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It’s so easy to lose track of yourself. To find yourself morphing into a different type of person with whom you have little in common. Someone who doesn’t look – who doesn’t see the beautiful shapes in a ripped piece of wallpaper, or notice the startling effect of light and shadow cast on a busy pavement. You can very quickly become part of the melee who walk over them, heavy footsteps smashing the composition blindly. But that’s part of what I love about myself. Part of what makes me proud to be me. I notice these things. I find them more beautiful and interesting than most artworks in a gallery. The beauty of man-made nature. The stuff which is so natural to us it may as well be placed in the same category as trees and plants; concrete, tarmac, trains, windows, pavements and doors, shopfront reflections, burnt edges, peeling paint. They’re everywhere. The fact that others don’t notice them gives me a little rush, it makes me feel as if I’ve been treated to a personal glimpse of something. Like the children in the Narnia stories who see the portal to the other world, while others around them see nothing but a wall. My experience isn’t that dramatic of course but it has that same special feeling. It brings me joy. Sometimes I can stand at the edge of the tube platform and see so much beauty and art in form and shape that it makes my heart full. The other side of this coin is when I don’t see it. When my heart is sad and my eyes are down. When I look at the wall and see only degradation and the need for a paint job. I’ve been feeling like that recently and stopped seeing the beauty. But today I saw it again and it’s as stunning as ever.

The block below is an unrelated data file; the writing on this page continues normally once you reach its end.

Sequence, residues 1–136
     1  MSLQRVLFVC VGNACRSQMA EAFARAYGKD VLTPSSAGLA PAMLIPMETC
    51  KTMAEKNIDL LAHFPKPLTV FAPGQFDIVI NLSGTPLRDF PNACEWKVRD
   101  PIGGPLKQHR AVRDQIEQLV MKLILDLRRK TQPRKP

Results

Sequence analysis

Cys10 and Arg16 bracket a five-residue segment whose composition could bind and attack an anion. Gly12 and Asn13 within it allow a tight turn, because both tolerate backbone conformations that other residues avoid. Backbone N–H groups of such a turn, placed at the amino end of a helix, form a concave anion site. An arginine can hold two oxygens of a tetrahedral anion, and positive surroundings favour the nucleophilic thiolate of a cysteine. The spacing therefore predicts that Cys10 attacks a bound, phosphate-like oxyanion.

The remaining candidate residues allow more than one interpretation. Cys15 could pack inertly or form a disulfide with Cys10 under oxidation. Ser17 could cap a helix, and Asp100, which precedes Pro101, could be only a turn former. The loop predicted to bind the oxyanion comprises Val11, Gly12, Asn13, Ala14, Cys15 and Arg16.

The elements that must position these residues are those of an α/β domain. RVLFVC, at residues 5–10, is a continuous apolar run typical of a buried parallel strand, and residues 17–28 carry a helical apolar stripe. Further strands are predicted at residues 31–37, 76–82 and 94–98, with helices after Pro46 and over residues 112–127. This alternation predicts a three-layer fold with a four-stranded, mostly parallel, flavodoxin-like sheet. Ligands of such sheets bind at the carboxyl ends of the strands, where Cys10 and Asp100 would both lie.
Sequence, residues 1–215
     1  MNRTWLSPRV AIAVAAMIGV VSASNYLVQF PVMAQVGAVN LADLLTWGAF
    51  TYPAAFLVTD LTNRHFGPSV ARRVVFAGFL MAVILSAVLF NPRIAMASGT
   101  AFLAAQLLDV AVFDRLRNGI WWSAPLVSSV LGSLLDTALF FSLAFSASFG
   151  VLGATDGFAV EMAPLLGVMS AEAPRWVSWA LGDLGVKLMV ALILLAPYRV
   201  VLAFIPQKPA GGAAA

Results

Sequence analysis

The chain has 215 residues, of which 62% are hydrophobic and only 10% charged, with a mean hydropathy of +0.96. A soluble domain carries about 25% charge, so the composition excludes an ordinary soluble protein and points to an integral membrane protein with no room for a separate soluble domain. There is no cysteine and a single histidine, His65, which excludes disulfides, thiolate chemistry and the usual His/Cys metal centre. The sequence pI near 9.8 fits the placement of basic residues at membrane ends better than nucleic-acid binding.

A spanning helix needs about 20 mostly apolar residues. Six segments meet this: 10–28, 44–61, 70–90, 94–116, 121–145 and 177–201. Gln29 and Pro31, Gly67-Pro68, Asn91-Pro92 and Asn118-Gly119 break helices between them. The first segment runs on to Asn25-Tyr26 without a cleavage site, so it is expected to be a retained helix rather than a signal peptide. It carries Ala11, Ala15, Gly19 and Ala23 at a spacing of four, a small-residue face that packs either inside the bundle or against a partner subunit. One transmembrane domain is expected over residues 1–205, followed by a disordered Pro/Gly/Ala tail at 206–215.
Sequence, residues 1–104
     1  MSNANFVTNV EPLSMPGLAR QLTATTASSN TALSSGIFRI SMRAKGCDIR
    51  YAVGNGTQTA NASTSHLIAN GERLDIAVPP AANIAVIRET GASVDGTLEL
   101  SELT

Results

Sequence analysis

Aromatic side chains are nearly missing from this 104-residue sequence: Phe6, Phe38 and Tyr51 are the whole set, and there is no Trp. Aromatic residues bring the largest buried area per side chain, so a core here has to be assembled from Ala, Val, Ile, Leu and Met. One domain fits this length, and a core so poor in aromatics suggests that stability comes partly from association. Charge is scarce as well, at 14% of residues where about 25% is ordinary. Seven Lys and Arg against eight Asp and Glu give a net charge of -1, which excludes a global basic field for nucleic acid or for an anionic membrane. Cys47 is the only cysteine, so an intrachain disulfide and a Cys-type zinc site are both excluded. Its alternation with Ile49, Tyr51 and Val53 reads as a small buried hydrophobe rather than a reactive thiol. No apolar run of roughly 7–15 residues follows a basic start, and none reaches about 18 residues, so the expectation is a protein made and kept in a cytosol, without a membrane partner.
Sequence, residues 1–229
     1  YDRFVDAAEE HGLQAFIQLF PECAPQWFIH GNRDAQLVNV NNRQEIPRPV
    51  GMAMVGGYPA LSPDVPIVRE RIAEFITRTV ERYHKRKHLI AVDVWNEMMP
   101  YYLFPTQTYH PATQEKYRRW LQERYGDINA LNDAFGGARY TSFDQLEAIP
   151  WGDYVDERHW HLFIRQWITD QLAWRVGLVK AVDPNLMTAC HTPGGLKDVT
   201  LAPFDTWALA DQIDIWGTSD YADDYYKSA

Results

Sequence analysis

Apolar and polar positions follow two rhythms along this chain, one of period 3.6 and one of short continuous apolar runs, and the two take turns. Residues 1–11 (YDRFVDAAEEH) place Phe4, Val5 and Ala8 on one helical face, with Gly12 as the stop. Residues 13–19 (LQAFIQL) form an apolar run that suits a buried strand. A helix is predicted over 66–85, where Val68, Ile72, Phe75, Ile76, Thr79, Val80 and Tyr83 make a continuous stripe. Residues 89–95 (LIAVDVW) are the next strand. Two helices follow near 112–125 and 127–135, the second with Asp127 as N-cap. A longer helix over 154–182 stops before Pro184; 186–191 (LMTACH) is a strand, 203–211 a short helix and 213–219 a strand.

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One of my favourite things about this idiosyncratic little Isle we call the UK is the quintessential seaside town. There are few other things which encapsulate so specifically the unique facets of the British psyche into one small microcosmic burst of sublime kitsch consumerism, freezing waters lapping on dirty beaches and cheap, melting ice cream cones (with a flake, of course). It’s fabulous. Tasteful is sometimes lovely; a middle-class cup of Earl Grey on a Victorian garden terrace in Cambridge can be all well and good, but really it has comparatively little soul. Stick me on Margate beach surrounded by gobby kids with parents no less refined, half-blinded by the reflections from the arcade frontages which prove that all which glitters is definitely not gold, and I’m in my element. I can’t help but assume you are all suspecting that I am a typical product of my upbringing in this respect. That I relish these, to some, distasteful scenes with glee because of their centrality to the 1980’s childhood of a working class Southerner. Correct. But it is not only this geographical circumstance of birth which causes me to grin as soon as my internal satnav senses I am within 10 miles of a sugared doughnut shack; British seasides truly are on their own merit singularly enjoyable.

Growing up in Dartford in the 80’s and 90’s, Margate was our closest beach and still a fairly thriving hive of domestic tourism at that point. We would plead with our parents to take us there, as yet uninterested in foreign climes or the lure of saccharine Disney marketing. The swingboats at Margate beach were the highlight of our summer. How tantalisingly simple life was then! As we got older, Dreamland, that disintegrating grandfather of theme parks, became the focus of our pubescent attentions. The lure of its death-defyingly ancient roller-coaster structures stoking the fire of our naive, thrill-seeking bellies. The what we considered subtle experimentation with the mating ritual, (which in hindsight consisted entirely of stalking a group of usually slightly older boys, acting as if we hadn’t noticed them and reaching the end of a whole day having never actually spoken to them) was played out around the grounds of Dreamland like groundhog day. We could get angsty conversational mileage from that kind of near-encounter for days.